Adoption research shows: role of historians is indispensable in government research

Een gang in een archief met archiefdozen.
© iStockphoto.com/urbancow

“The scope of the investigation was immense. We researched a practice that dates back to the 1950s - and still exists today”, says Yannick Balk. As project leader from Utrecht University, the historian was involved in the realization of the report on possible abuses in intercountry / foreign adoptions in the past, and the role of the Dutch government and adoption mediators in this.

The report of the Joustra Committee (consisting of Tjibbe Joustra, Beatrice de Graaf and Bert-Jan Houtzagers) was presented on February 8 to Sander Dekker, Minister for Legal Protection.

Thousands of documents

Under the supervision of the committee, a team carried out historical research in the archives of several Dutch authorities. Government archives (such as the ministries of Justice, Foreign Affairs and embassies, the Public Prosecution Service and the IND) as well as private archives of individuals involved, and adoption agencies were examined. "Thousands of documents have been reviewed. Hundreds of newspaper reports, parliamentary questions, parliamentary debates and political documents have been analysed by the team" (consisting of principal investigator Prof. Georg Frerks, project leader Yannick Balk, two full-time historians and three student assistants). “All historians are (former) students of the master International Relations in Historical Perspective and / or the research master History at Utrecht University. Without the hard work of the entire team, the final report of the committee could never have been produced in this way”, Yannick says.

It was sometimes difficult to navigate through the immense amount of research material (both self-found and material provided by those involved), especially in the (government) archives: viewing thousands of documents requires perseverance, to put it mildly.

Historical empathy

Conducting historical research is complex. Not only do you dive into the archives and organize and analyse documents, but with an assignment like this, mapping ‘wrongdoing’, you must first define what ‘wrongdoing’ is. “Everyone has a certain feeling or image about the term but how do you ensure that such a ‘vague’ concept can be made tangible, define it in such a way that you can also adequately investigate it? Is a wrongdoing only a wrongdoing if it is not allowed by law? Or do you also take into account the (ethical) context of the time?  And if so, how do you ensure that you do not project your contemporary view or opinion onto the past? That requires a high degree of historical empathy, and that's where the role of the historian comes in."

The adoption debate is highly polarized, with strong supporters and opponents. Navigating within this is a necessary and regularly exciting challenge.

How do you define wrongdoing?

“In the end, and thanks in part to the proportion of historians in the study, we examined wrongdoing as both acting in violation of laws and regulations, and acting ethically irresponsible. That produced as balanced and historically-scientific an investigation and final report as possible.”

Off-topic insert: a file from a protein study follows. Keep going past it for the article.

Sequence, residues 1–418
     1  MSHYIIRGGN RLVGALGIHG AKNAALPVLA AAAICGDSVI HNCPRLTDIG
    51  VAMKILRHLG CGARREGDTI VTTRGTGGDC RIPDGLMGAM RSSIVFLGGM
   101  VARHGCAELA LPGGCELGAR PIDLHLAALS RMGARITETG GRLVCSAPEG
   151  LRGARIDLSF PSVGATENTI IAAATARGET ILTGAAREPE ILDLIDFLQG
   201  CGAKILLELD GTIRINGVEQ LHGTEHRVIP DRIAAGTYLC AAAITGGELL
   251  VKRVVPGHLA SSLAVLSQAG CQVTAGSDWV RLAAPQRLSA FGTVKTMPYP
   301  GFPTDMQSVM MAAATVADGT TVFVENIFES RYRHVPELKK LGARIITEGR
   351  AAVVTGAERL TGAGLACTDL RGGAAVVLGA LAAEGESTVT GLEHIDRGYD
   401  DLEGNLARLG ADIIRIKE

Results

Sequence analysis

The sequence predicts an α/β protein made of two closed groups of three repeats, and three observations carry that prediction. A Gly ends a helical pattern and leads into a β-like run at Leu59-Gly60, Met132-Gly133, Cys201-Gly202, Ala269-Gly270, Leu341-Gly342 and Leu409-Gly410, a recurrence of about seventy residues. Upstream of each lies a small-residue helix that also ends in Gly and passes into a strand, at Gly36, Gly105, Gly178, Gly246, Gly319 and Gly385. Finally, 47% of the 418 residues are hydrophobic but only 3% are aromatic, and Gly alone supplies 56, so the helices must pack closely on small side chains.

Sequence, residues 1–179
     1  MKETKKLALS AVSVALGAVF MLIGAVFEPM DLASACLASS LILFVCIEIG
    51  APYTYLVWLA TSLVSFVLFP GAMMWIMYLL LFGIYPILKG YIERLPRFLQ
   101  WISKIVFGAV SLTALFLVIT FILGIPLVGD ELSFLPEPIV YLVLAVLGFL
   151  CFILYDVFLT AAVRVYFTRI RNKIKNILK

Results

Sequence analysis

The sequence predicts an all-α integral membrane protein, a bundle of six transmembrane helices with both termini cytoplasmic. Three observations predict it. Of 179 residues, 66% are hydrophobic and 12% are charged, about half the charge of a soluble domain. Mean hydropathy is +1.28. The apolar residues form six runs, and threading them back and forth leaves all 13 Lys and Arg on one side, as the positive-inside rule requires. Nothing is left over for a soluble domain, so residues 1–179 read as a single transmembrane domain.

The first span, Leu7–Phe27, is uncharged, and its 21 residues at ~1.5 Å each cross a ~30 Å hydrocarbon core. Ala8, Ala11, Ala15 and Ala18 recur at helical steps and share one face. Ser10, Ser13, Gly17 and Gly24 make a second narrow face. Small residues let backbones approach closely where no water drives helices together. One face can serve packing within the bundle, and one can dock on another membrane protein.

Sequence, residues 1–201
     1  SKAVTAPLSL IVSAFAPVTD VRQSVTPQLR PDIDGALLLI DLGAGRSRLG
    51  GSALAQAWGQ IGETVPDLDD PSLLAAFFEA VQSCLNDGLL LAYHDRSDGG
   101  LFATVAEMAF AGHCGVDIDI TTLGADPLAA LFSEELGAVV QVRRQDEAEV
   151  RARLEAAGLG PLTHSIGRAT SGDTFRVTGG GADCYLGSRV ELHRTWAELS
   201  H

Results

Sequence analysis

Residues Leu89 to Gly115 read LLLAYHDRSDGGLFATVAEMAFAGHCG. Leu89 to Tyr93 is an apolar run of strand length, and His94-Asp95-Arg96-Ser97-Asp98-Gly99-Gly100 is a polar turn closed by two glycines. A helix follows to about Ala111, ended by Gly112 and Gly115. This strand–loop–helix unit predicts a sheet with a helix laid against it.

Polarized debate on adoption

For Yannick it was sometimes poignant to read about what happened to (adopted) children in countries of origin or elsewhere, for example as a result of indescribable poverty, hunger and general malaise. “As a researcher you obviously have to build up a certain professional distance to this, even if that is not always easy. The adoption debate is highly polarized, with strong supporters and opponents. Navigating within this is a necessary and regularly exciting challenge, that also requires a professional approach and independent distance.”

The added value of historians in such committees is enormous. They know how to get to the bottom of things like no other with thorough archival research. According to chairman Tjibbe Joustra, previous government investigations have never before been so thorough with research in archives.

Historicus Yannick Balk aan het werk met archiefstukken.
Yannick Balk

Role of historians indispensable in government investigations

According to Yannick, historians are indispensable in such large-scale (government) investigations. “We are trained to process gigantic amounts of information in the most efficient way possible. This is especially true when it comes to researching the archives - a real craft! For example, before drawing up the adoption report, we examined thousands of documents, from letters, reports and memoranda, to handwritten notes. Historians have an eye for a longer-term perspective and for norms, values ​​- in short: contexts - of the past. In our research, for example, we did not look at a concept such as ‘abuses’ from today's perspective, but rather looked at it in the gaze, words and actions of people in the past: in other words, how people viewed it at the time. This (working) method of ‘historicizing’ is indispensable for such investigations. In my opinion, this should definitely not be missing from, for example, the forthcoming parliamentary inquiry into gas extraction in Groningen, or comparable, large-scale (government) investigations.”

Applied History

Yannick is a strong proponent of applied history, historical research with the aim of discovering deeper, longer-term tendencies that can help us solve contemporary problems. “We historians are not only concerned with a dusty, obscure, distant past in the dark recesses of an archive; we can make an indispensable contribution to finding answers to widely shared / perceived social issues and problems. This report and the collaboration with researchers from Utrecht University is a perfect example of this.”